fairy girl as the others approached.

"What now, old father?" Rood asked with a grin.  "I understand you need
help finding the tool you were supposed to deliver."

The wizard scowled up at the tall blond.  He didn't care at all for Rood's
playful sense of humor and penchant for jokes at his expense.  "Go find
it," he growled.  " It is in there...somewhere."

"It might help if we knew exactly what 'it' was," Scott said as the group
gingerly picked their way into the sight of the catastrophe.

"A needle, of course," Elnar replied.  "A long, golden needle."

"A needle?" Scott exclaimed.

Jennifer looked back at the little man still standing in the doorway.
"Like you sew clothes with?" she asked, and then said, "Eww," as she
stepped into something gooey and smelly.

Rood had already stationed himself in one corner and began to sift through
the ankle deep rubble slowly working his way inward when he noticed Elnar
still standing in the doorway, watching their progress.  "Old father," he
called.  "Are you not going to help us?"

"I am not going in there!" the little man said.  "There is no knowing what
dangerous concoctions may be under that mess.  The explosion mixed all my
ingredients and potions together."  All five workers paused and looked up
at Elnar for a moment, their feet and ankles coated in the grey muck that
covered the floor under the papers and other debris.  Robin then sighed and
bent back to the task at hand.  Slowly and cautiously the others followed
his lead.

"My lord, I...Oh bright stars, what a mess!"  Rowana stood in the doorway,
looking over Elnar's shoulder into the room.

"Look, my liege," Rood called.  "The good lady has come to lend a hand in
our impossible task."

"For what purpose are you digging through this foul mess?" the red head
asked.

"Searching for a needle," Jennifer and Caseldra said together as if they
had rehearsed it.

"A hay stack would be a cinch compared to this," Scott muttered under his
breath.

"A haystack?" Rood asked, clearly puzzled.

"Nevermind."

Robin stood and gestured to an untouched expanse of mess.  "Please join us,
lady.  You may be the one to find this elusive metal sliver."  Rowana
shrugged her shoulders and stepped past the wizard and into the destroyed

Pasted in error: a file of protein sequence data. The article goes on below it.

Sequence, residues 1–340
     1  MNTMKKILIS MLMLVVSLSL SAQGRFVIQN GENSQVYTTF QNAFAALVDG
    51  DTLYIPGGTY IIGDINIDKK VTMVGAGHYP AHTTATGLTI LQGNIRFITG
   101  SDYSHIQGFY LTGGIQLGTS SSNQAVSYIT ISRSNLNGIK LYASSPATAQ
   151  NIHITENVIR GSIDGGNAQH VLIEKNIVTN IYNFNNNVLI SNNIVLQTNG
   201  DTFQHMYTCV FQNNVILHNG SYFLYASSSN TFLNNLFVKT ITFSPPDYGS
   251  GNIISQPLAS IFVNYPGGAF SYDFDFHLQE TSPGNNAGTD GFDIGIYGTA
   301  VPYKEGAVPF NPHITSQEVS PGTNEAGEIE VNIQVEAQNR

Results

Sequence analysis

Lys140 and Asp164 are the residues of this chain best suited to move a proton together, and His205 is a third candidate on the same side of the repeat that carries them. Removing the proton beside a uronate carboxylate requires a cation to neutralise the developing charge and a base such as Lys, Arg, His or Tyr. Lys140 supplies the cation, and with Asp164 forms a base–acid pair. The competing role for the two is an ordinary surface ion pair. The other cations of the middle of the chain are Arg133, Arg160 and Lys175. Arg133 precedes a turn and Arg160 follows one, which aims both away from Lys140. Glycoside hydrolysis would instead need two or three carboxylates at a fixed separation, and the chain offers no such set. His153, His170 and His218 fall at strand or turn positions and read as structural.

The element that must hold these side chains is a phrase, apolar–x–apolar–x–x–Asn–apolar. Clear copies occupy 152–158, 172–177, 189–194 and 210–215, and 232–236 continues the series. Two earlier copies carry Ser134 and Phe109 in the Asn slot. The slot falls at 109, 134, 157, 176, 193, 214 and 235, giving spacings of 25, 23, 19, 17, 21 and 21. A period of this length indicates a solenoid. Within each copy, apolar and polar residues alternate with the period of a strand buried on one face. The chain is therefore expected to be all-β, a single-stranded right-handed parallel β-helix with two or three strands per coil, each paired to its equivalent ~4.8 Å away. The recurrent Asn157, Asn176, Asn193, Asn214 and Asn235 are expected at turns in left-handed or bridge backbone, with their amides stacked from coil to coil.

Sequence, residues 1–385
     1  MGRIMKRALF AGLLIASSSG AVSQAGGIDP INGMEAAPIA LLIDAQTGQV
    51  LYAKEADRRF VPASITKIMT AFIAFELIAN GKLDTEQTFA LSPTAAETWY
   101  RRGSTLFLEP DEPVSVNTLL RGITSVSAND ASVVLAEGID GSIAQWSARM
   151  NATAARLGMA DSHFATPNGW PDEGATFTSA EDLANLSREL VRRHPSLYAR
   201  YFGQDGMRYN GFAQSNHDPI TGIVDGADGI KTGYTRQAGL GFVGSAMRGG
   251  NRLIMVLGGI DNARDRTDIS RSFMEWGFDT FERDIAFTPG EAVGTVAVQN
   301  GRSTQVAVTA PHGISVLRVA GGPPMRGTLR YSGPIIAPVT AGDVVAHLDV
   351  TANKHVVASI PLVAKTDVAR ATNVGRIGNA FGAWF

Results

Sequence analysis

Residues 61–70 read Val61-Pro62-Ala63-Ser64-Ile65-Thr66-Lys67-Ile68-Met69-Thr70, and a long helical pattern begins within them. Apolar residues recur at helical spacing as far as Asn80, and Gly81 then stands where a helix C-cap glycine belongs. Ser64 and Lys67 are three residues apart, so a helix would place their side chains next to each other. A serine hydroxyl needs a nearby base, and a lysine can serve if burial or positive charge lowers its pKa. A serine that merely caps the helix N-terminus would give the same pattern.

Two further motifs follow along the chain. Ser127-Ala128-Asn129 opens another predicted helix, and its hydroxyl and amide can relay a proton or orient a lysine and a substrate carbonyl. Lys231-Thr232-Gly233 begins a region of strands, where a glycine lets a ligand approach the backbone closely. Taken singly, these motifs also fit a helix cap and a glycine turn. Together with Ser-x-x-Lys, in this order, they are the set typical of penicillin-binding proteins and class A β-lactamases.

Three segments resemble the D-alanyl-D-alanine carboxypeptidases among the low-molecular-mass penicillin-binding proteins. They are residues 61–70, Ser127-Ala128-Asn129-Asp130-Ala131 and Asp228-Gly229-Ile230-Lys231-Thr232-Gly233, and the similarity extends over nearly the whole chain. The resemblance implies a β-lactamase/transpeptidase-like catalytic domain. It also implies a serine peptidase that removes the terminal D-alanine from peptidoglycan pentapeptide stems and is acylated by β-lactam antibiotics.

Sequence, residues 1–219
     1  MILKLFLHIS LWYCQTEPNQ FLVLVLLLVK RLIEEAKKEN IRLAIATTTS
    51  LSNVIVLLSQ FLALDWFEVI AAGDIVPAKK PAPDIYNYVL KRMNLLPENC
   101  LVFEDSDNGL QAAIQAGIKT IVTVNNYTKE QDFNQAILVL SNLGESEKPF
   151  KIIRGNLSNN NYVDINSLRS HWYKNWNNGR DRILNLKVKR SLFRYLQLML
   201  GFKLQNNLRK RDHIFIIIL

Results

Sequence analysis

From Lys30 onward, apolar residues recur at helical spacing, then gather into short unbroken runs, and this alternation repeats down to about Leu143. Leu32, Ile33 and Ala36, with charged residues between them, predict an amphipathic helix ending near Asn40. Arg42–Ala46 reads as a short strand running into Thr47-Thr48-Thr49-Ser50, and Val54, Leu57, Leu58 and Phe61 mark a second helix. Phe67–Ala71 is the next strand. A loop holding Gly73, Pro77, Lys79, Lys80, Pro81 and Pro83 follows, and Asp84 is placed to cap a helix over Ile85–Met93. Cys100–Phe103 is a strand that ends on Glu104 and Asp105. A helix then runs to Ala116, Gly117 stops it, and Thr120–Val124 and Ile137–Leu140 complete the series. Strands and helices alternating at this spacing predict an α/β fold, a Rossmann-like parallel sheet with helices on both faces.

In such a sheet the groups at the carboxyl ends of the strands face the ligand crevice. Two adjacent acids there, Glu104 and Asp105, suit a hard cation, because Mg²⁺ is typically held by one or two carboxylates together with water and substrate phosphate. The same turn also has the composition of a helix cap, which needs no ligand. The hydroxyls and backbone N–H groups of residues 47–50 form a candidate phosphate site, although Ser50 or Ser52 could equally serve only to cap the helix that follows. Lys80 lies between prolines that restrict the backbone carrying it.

lab.  She made a face as her sandaled foot squished into the slime that
covered the floor, but she didn't complain.  They all continued on in their
search with Elnar supervising from his post at the door.

"Be careful.  You are going too fast.  You missed a spot over there," the
little old man called, pointing to Rood's area.  The guard stood and glared
at the magician for a moment, and thought of several barbed comments to
make, but instead bent back to the search.

An hour of sifting through the debris seemed to get them no closer to their
goal.  The humans were slowing down drastically, obviously feeling the
effects of the early morning hour, when another visitor appeared at the
door.  "My lord, have you...Why ever are you making such a mess in there?"
It was Melcot who now looked in over the little wizard's shoulder.

"We are searching for a needle," six voices said in a chorus of
exasperation.

"You've arrived just in time to help," Scott added.  "Hop in and start
digging."  Melcot gingerly stepped into the muck and mire and began rooting
through the mess.

"This is hopeless," Jennifer whined.  "We're never going to find a thing as
small as a needle in all of this."

"But the task should be an easy one," Elnar chided from the sidelines.  "It
is not just any needle.  After my infusions it is charmed."

"Big deal.  How does that help us?" the human girl complained as she stood
to stretch the stiff muscles in her back.

"The charm causes the needle to seek out Tuathan blood.  It should find one
of you."

"Yeow!" came a scream and everyone jumped.  The shout had come from Rood
who had leaped into the air in pain and surprise.

"Don't move!  That's it!" Scott called and reached over to pull the thin,
two inch, golden shaft out of the captain's hip where it protruded through
the fabric of his breeches.  "This little thing feels like it's alive,"
Scott said as he held onto the needle.  It seemed to tremble and quiver
between his fingers.

"It will be safe if none of you approach too closely.  The humans may carry
it with no harm," the wizard told them.  As the group of searchers slowly
made their way out of the shambles of the destroyed lab, they tried to wipe
the muck from their feet.  Caseldra hurried off to find towels for the task
while Elnar explained his magic.  "The needle must be inserted through a
piece of float wood and then rested in a bowl of pure water.  It will then
point toward Tuathan blood.  You may use it to find your missing servant."

"What's float wood?" Jennifer asked.

"Cork," Scott replied, and then turned to the wizard.  "So this will act as
a fairy compass?"

"If it points to any Tuathan blood how shall we know it to be the right
Tuathan that we seek?" Robin asked.

"In the human world how many of us are there?" questioned the old man.